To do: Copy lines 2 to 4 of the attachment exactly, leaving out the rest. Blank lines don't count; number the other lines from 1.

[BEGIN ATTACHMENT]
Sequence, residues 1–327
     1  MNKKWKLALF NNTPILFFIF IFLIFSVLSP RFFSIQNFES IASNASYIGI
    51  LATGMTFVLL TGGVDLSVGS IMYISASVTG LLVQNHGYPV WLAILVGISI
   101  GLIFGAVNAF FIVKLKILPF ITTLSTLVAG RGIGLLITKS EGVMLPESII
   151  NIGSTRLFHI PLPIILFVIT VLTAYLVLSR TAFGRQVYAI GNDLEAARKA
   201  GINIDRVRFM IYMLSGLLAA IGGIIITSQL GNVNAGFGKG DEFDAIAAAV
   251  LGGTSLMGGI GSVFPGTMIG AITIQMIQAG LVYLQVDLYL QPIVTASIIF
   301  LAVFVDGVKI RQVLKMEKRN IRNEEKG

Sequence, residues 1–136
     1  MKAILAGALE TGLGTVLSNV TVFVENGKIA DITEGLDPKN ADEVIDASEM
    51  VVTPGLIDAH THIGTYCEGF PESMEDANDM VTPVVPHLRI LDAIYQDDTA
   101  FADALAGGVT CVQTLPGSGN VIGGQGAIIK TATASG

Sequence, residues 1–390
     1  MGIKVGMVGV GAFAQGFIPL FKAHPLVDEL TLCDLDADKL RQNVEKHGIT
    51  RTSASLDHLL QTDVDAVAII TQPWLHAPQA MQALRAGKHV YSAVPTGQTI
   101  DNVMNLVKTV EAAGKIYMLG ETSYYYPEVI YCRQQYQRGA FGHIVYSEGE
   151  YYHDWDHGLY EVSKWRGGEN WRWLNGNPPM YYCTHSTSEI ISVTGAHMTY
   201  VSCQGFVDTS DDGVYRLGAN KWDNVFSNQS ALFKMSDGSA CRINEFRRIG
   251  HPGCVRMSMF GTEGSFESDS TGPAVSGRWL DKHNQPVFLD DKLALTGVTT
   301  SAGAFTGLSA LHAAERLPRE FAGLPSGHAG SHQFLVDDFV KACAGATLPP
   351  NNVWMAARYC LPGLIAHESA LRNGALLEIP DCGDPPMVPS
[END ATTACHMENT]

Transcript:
     1  MNKKWKLALF NNTPILFFIF IFLIFSVLSP RFFSIQNFES IASNASYIGI
    51  LATGMTFVLL TGGVDLSVGS IMYISASVTG LLVQNHGYPV WLAILVGISI
   101  GLIFGAVNAF FIVKLKILPF ITTLSTLVAG RGIGLLITKS EGVMLPESII